Alaska, Washington and Oregon
Tuesday, Sept 15th

We woke up at 9am, marvelled at the lovely views both down and up, had another delicious breakfast. And we were off! [Note: for a map of this area see the Bird List]. Down back around Turnagain Arm (low tide again, of course) and south into the Kenai Peninsula. There were rolly, textured hills; craggy, glacier-topped mountains, and all in between. At the 'fork' (there's only one real road in this area) we headed east towards Homer. We went along a milky green river for a while - they get that color from glacier water - and saw the lodge we'd be staying at tonight. We passed a huge female moose before Solodvia, then headed north along the coast to Kenai. It was pretty clear, so we had a great view of the 'ring of fire' volcanoes across the inlet. The towns were small and laid back down here. We then turned around to head across the peninsula west, to Seward.

More lovely scenery, which got higher and more mountainy as we went. At the turnoff for Exit Glacier, we stopped and saw a bunch of salmon in a stream, being watched by a bald eagle. The road turned into a dirt road along a drying river, and eventually we hit the ranger station. Exit Glacier was amazing looking! It's coming down from the Harding ice field, one of the largest in the world, and is simply huge. Even more amazing is that only 100 years ago it used to be much bigger. They had the years marked out, where the glacier was in 1960, etc.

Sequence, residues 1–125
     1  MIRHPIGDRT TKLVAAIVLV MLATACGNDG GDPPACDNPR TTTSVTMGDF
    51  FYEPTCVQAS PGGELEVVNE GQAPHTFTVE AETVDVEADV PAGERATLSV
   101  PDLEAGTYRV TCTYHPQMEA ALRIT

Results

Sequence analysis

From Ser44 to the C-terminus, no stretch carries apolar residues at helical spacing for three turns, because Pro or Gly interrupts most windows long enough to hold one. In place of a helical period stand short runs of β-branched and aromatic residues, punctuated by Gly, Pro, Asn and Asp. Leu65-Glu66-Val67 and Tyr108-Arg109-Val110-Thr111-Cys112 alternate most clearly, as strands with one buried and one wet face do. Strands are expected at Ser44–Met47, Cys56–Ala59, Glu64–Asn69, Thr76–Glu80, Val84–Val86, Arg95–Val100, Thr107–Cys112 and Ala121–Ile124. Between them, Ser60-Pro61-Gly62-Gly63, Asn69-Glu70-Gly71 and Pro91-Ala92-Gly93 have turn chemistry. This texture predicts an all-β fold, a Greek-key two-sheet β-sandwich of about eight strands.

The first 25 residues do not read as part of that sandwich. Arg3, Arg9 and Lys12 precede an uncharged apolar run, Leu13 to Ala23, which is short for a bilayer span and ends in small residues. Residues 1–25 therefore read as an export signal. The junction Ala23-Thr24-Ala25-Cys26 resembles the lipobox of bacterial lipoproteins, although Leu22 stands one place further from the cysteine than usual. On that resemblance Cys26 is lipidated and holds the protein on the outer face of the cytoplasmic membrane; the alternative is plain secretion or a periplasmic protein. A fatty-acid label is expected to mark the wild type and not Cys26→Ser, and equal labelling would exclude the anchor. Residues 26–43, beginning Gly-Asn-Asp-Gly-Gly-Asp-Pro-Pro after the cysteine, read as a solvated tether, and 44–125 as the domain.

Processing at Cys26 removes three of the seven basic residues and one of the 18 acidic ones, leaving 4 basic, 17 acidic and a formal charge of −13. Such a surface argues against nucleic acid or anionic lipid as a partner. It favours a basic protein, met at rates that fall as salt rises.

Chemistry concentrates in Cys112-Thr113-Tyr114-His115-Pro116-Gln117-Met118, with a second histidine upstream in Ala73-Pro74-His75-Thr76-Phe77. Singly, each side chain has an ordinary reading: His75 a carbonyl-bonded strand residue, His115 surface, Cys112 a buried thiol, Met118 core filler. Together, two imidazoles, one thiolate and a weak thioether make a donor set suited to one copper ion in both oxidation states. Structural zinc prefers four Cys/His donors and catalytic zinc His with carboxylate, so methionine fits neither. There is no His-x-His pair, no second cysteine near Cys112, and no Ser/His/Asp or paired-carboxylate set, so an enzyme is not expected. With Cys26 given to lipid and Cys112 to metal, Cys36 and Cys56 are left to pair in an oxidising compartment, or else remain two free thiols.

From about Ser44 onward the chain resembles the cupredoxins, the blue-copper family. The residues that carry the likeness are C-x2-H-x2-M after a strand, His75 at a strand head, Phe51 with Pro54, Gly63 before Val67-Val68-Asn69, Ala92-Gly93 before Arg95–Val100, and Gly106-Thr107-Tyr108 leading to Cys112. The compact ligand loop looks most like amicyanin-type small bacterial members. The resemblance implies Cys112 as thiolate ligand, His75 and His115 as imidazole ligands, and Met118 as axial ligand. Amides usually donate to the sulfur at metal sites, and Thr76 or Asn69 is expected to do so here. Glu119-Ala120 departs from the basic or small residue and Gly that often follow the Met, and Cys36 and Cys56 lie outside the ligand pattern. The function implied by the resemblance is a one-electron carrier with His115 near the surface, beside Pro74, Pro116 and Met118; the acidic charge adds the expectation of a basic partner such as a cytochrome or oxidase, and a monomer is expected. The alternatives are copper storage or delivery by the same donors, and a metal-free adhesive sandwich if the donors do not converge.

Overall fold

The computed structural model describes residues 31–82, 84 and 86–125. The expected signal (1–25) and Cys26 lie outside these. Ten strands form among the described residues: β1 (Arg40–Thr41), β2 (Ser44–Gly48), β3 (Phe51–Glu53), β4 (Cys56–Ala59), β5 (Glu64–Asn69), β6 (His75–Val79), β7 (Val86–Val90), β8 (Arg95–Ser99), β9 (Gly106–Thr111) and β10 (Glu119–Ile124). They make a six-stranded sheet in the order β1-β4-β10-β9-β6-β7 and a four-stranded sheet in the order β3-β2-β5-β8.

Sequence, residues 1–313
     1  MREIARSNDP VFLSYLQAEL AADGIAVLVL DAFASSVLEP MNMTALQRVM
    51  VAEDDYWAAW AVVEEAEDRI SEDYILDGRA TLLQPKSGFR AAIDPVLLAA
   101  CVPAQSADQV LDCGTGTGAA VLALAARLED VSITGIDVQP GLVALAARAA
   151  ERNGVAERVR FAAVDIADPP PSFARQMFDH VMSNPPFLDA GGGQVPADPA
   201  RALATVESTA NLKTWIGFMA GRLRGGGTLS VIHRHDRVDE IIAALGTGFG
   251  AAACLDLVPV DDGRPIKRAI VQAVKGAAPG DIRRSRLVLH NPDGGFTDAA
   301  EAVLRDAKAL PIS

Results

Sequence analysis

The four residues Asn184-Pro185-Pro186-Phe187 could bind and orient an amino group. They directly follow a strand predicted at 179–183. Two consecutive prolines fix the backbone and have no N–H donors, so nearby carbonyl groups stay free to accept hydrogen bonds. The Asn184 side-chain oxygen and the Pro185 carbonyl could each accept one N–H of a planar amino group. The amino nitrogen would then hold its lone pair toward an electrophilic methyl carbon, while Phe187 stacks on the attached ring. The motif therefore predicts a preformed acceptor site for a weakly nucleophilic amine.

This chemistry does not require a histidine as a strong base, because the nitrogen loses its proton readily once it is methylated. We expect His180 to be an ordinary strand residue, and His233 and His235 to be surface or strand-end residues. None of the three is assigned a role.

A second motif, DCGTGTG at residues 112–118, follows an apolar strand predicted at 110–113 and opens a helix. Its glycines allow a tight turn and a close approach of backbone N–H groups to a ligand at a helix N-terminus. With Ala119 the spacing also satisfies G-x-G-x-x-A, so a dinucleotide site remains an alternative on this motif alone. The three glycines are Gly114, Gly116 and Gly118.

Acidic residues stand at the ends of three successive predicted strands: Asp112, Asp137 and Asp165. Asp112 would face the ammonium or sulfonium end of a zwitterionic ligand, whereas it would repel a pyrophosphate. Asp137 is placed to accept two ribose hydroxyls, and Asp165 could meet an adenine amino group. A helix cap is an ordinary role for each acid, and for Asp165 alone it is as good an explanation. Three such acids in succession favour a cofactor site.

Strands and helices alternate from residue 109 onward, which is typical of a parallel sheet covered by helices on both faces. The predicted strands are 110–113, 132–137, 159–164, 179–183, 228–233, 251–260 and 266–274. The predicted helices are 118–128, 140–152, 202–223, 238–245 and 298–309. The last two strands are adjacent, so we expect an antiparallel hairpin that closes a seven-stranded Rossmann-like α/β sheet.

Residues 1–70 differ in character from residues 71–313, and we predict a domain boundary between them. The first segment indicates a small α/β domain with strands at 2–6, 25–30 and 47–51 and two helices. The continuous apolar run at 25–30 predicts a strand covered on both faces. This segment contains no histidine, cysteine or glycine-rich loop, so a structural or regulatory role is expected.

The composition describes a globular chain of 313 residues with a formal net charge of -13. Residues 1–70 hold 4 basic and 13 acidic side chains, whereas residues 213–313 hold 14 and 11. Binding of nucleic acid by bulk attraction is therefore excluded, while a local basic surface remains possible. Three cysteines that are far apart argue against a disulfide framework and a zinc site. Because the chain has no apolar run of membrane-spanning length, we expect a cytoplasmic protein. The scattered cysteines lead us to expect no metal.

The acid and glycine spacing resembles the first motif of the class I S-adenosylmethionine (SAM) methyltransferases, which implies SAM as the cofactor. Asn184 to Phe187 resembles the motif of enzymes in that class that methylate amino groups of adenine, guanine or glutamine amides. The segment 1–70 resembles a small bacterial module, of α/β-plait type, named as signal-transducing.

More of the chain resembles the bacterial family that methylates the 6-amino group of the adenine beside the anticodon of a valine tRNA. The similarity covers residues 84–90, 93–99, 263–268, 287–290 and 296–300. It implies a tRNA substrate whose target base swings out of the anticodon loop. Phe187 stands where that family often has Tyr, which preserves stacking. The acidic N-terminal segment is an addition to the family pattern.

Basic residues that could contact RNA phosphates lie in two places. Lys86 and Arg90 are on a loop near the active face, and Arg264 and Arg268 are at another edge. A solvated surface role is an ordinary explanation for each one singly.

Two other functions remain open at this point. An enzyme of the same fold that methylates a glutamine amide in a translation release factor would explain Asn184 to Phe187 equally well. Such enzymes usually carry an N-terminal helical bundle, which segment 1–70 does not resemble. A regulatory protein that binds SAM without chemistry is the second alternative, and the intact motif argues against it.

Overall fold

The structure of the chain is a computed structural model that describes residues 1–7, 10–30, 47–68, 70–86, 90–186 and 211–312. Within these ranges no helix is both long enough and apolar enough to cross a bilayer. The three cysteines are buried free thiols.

Exit Glacier: see the tiny people in front?

Exit Glacier - hiking in
We hiked up to the glacier and were able to stand on it. It was very, very cold, and had a deep blue tint. It was neat how shapes were carved in it by the melting process. We hiked out and headed into Seward proper, but unfortunately it was now 6:05 so the final boats had all left and the aquarium was closing. Ah well, Bob was feeling under the weather at this point. We ambled back to our lodge, where we had a bungalow of our own with a wood stove and separate living room. It was run by Princess, the cruise people. Normally I hate cruises, because they force you to go Here at This Moment, and I like to explore. However, their owning the lodge meant I knew it would be in great shape, which it was. We had dinner overlooking the river and mountains, then relaxed by a warm fire and fell asleep.

Next comes Wednesday
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